Eatin' Barbecue in Austin
Barbecue is almost a religious matter to some people. Barbecue sauce is a big part of it, of course. In part of the Carolinas, barbecue sauce is thin, vinegar-based, with black pepper in it. It's not sweet. In parts of South Carolina, it has mustard in it. In Memphis, the classic barbecue sauce is vinegar and peppers, although today most places make a tomato based sauce. Kansas City barbecue sauce is the kind that most people mean when they say 'barbecue sauce.' The stuff we buy in jars in the grocery store is usually based on Kansas City sauce. Carolina barbecue is traditionally pork. Texas barbecue is, not surprisingly, often beef.
In Memphis the style is often 'mop'--that is, smoked in a pit and periodically mopped with barbecue sauce as it cooks. Traditionally, a string mop, the kind used to clean kitchen floors, is the utensil used to apply the sauce. But in Memphis and in a lot of other places, the meat can be slow cooked 'dry'. That is, spices are rubbed on the meat and it's cooked over a wood fire, but there's no sauce. The sauce is served on the side and when you eat it, you add sauce as you see fit. I'm kind of a wet barbecue person myself. I make pulled beef brisket barbecue for sandwiches but I make it in an oven and without a smoker or a pit. And I live in Ohio. In the barbecue religious wars, I'm sort of the equivalent of a Buddhist in Northern Ireland. I'm just completely out of the whole debate.
But I was excited to try Texas barbecue.
You go into Rudy's and you get in the queue line and snake through to the counter (passing coolers of IBC soft drinks and Shiner Bock) where you order your dinner in increments of a half pound. A half pound of brisket, brisket lean, chopped beef, sausage, turkey, or you order by the number of ribs. (They will let you order a quarter pound.) The meat is dry barbecued--rubbed in spice and smoked until it falls off the bone. The counter guy calls the order back to the cutter--'quarter brisket and two St. Louies,' or a quarter pound of sliced cutter's choice brisket and two St. Louis style ribs. The cutter slices the meat, wicked fast, slaps it on a giant piece of waxed white butcher paper, and the counter guy grabs it and puts it in a big tray with four inch high sides. The tray is sort of like a cafeteria tray aspiring to become a milk cart. To that he adds cheap white bread. The bread is sitting there in the package. It's like generic Wonder bread.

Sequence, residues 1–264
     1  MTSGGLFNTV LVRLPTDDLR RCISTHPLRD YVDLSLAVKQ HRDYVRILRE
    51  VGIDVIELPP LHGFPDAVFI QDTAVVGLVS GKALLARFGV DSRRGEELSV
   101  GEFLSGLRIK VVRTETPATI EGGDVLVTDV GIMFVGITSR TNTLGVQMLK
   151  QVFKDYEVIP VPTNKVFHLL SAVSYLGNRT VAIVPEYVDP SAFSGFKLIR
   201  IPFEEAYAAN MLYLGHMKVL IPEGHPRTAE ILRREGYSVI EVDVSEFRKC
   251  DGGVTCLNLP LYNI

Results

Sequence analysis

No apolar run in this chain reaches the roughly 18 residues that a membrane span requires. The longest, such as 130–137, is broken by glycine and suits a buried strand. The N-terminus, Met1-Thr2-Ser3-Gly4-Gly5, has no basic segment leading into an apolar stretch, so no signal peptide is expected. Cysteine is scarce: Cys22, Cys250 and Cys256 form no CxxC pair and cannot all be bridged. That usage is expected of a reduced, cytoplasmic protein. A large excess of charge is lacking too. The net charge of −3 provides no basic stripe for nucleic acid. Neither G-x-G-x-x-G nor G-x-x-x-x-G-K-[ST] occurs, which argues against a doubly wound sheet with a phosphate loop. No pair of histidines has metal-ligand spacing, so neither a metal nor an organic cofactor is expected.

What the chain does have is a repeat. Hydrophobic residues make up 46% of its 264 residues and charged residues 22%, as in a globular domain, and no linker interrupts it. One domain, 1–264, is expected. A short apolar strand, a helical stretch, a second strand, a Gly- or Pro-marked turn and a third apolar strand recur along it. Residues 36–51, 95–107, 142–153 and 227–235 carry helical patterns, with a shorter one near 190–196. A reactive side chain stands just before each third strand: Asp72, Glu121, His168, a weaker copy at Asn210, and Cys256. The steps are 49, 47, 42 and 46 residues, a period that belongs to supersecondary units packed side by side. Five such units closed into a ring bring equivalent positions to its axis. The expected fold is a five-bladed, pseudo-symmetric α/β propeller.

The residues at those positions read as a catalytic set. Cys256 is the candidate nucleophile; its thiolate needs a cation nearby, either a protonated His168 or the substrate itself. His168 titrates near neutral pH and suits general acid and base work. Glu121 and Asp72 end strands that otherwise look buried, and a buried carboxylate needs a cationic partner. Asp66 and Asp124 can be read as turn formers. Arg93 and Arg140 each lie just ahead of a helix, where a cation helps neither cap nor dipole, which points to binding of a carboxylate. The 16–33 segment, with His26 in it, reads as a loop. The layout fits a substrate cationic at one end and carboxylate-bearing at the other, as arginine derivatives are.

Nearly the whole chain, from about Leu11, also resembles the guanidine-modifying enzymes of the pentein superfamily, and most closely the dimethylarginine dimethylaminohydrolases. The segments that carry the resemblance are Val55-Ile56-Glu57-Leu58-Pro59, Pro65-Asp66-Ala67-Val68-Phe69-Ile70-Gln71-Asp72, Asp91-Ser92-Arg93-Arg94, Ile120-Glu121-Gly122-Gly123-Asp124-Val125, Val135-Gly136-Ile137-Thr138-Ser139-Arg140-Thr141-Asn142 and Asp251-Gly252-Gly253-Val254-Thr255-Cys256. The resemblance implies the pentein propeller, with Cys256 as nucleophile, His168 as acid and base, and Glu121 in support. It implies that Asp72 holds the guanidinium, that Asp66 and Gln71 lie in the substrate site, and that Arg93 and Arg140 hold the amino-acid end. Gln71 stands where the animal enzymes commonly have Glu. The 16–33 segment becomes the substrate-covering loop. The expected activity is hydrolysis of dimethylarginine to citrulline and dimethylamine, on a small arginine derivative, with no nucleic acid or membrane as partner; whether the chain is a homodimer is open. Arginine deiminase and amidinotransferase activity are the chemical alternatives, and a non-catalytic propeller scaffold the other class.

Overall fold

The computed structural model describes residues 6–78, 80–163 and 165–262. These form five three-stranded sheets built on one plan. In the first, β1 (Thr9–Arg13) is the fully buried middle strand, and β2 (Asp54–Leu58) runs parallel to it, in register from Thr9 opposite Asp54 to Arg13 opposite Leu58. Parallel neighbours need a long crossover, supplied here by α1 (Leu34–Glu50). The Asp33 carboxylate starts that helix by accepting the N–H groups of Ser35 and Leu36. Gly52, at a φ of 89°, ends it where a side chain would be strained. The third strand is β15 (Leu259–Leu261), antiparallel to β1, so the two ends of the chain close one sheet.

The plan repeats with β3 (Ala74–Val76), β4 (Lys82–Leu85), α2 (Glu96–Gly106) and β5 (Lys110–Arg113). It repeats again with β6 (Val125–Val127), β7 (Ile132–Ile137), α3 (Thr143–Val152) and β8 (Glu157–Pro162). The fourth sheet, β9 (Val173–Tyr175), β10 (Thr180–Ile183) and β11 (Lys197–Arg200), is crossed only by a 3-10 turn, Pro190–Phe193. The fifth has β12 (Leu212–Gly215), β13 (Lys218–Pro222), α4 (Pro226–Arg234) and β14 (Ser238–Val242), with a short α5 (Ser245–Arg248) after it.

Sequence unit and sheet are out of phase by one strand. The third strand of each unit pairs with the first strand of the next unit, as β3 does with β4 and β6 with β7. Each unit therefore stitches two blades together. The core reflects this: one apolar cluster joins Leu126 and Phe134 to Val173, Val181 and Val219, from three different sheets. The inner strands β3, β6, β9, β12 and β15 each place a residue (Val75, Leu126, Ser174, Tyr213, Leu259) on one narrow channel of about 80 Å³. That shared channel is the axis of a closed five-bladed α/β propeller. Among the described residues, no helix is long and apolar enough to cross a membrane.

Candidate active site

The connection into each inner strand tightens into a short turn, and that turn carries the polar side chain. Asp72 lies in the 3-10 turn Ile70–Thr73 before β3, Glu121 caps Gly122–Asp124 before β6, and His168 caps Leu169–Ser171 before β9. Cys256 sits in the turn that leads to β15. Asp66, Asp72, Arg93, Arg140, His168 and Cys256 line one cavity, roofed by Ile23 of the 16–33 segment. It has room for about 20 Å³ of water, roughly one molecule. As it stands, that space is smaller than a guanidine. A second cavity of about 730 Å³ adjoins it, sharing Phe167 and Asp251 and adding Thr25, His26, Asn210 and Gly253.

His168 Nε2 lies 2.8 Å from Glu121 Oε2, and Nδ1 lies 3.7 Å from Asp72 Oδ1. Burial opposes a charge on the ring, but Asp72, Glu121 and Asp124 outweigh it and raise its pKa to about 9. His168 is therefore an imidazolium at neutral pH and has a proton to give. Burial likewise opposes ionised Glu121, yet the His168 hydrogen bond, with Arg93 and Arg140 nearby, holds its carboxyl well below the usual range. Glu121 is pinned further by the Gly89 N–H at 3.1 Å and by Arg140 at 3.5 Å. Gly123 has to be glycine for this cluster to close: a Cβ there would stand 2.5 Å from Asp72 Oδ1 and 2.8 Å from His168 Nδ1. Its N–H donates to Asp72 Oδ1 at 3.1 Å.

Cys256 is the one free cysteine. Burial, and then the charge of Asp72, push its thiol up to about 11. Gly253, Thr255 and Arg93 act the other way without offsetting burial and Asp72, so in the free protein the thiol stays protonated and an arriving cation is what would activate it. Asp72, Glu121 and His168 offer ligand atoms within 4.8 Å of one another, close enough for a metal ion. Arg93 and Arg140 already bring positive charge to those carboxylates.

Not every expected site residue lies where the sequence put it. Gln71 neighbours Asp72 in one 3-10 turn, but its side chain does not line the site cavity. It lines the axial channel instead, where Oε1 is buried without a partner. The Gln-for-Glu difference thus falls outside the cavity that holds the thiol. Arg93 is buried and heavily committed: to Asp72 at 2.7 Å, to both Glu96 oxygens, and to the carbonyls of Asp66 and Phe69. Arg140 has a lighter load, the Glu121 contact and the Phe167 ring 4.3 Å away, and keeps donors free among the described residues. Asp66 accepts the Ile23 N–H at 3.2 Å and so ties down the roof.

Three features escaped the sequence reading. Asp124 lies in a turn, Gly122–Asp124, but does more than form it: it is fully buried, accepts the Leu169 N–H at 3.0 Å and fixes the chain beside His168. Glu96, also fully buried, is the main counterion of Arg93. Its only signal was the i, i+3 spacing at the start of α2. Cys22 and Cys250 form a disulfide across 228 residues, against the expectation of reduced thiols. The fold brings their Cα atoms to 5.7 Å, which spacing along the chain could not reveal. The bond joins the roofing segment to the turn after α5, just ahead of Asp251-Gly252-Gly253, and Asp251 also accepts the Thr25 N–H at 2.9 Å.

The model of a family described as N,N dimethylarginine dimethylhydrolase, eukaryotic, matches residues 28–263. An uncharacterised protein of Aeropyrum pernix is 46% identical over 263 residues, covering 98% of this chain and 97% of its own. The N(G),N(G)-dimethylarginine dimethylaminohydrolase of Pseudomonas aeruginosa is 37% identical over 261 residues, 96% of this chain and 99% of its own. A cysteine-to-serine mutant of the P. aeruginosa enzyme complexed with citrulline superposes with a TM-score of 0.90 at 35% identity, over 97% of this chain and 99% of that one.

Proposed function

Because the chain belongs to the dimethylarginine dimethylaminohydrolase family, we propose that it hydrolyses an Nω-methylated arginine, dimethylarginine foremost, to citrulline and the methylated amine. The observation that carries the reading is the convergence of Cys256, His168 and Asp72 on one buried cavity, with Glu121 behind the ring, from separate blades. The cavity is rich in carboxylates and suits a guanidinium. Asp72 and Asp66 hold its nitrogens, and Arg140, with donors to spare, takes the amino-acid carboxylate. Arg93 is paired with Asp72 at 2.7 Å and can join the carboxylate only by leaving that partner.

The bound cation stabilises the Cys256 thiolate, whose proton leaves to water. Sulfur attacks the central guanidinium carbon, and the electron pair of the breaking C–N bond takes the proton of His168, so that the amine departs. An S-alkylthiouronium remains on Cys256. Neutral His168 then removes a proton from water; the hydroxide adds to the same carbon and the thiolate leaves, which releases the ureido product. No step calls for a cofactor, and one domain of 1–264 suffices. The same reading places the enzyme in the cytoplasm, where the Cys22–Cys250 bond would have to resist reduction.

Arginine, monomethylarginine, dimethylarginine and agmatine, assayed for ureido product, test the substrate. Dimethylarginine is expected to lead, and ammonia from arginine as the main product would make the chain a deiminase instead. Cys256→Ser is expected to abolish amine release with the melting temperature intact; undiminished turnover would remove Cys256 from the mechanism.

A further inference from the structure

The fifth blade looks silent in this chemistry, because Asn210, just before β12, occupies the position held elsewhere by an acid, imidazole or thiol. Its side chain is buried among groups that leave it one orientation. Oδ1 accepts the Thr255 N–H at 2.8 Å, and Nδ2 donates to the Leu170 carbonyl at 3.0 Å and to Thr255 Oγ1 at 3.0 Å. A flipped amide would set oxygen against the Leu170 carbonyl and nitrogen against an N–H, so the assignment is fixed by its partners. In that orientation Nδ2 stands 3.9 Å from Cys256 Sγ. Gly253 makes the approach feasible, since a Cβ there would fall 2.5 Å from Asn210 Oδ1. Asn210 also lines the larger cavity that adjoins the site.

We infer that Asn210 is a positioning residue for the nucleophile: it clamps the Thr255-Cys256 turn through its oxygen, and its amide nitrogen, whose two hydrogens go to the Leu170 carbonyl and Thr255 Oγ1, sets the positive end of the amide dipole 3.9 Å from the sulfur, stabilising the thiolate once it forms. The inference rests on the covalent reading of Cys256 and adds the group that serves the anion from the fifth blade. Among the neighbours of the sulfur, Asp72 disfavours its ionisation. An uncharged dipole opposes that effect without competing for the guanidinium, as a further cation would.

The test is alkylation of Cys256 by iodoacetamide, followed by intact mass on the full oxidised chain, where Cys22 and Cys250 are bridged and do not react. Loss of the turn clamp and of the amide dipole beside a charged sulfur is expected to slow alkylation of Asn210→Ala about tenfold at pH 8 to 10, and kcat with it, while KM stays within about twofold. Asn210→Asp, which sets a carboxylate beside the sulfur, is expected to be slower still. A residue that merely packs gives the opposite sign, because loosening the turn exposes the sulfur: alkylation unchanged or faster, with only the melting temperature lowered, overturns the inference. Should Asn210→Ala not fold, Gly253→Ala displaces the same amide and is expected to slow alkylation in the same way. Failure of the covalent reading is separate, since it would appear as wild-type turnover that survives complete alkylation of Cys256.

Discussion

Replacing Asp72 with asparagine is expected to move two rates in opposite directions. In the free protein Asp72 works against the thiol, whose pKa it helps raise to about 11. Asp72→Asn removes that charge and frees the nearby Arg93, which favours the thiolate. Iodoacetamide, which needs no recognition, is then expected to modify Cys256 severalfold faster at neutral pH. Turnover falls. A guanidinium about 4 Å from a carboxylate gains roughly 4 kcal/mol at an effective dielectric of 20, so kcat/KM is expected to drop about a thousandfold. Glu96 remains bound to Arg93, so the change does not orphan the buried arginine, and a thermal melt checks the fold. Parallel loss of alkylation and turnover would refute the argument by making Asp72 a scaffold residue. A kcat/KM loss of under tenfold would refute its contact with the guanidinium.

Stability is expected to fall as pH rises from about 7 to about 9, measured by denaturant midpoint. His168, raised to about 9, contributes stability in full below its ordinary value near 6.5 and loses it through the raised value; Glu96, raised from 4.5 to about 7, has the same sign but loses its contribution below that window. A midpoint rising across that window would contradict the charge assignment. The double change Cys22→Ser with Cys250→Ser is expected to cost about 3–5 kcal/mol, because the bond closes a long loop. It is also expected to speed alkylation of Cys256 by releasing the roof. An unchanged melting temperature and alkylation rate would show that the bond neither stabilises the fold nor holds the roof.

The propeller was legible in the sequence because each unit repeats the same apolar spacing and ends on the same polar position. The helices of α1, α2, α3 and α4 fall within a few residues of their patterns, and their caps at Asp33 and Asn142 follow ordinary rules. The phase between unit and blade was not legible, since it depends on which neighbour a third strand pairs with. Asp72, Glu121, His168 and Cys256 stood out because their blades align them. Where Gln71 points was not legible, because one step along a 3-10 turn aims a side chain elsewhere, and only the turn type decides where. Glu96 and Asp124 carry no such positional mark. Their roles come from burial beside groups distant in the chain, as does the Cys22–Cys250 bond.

They have sides. Beans, creamed corn, potato salad, creamed corn. There's sweet tea (that ubiquitous Southern staple which has spread across the Midwest in the last decade.) There are fountain drinks. There's a big vat of barbecue sauce (spelled 'sause') which customers dispense themselves into a styrofoam cup. There are pickles and onions. There are napkins.
And that's it. You haul your milk carton style tray back to a long table, find a seat and make sandwiches of barbecue on white bread, pour sauce over it and eat it. Around us were lots of families. A couple of them were Vietnamese. The place is loud, the floor is concrete, the portions are beyond what any human should eat and the food's not expensive. It's all ambiance, but not in the haute cuisine sort of way. Outside it was over a hundred degrees and inside the air conditioners were refrigerating the air. The ribs are good but the brisket seems to be the real reason to keep coming back. It's smoky and still moist, with a peppery-spicy taste. The sauce seemed to me to be a perfectly good sauce--ketchup based with brown sugar and maybe some mustard, although I don't know. It was very good. I'm very full. So's Bob.